Polyculture is a great way to deal with pests but it isn't just about confusing or distracting pests. Often people plant flowers mixed in with their other plants. These flowers can support beneficial insects that help you by eating the pests. This way your not only relying on pests being confused but you're also helping to increase the number of predators so the pests that do show up are more likely to get eaten.
I also like to take this a step further and plant mini-meadows
close by my polyculture garden beds. One way to do this is to plant flowers all around the boundaries of your garden--you can even plant shrubs and/or trees on the northside (south side in the southern hemisphere) of your garden. I like having hedgerows close by my garden beds--and ones planted on the northside can also block cold northern winds which can improve your growing conditions. And if you've got a large garden with lots of defined beds you could set aside every 4th or 5th bed as a mini-meadow for attracting and supporting beneficial insects. Mixing in native flowers and other native plants will provide even more benefits since they support a wider range of insects. I've mixed in native onions and native checkermallows (all edible) in my kitchen garden and I'm looking at adding others.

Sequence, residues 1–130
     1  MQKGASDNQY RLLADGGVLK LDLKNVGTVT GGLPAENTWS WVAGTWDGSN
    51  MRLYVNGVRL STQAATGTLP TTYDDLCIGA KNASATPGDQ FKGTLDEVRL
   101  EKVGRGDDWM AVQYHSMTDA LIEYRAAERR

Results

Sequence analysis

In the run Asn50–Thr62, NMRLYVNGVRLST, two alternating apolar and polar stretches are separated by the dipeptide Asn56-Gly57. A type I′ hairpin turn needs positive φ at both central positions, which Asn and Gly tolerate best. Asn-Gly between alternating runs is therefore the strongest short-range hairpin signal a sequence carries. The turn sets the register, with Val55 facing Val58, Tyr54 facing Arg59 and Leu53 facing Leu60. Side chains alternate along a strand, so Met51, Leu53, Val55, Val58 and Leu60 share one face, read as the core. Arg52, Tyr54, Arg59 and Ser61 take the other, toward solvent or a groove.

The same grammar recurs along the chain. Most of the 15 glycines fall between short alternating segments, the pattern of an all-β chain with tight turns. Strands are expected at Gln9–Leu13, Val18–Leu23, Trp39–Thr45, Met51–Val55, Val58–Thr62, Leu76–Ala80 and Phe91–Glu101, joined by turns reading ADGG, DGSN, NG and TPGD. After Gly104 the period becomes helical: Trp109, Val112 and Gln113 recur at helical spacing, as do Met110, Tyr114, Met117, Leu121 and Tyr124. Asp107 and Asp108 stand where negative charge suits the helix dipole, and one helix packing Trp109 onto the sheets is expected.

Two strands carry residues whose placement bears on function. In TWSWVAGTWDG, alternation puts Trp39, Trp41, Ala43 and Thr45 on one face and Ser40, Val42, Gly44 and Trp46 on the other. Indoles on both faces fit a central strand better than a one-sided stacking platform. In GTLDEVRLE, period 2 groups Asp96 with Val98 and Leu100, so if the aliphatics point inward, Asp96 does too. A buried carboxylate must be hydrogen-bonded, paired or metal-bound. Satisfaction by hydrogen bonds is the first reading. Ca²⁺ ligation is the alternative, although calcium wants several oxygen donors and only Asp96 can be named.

By having a diversity of habitat across the board you can support a large number of beneficial insects and other predators that can help keep your pests under control. That combined with planting your food crops as polycultures (with flowers still mixed in) can really do a lot to reduce your pest issues. But I wouldn't rely on the pests being confused as the only solution--supporting the predators too is a key part of this method.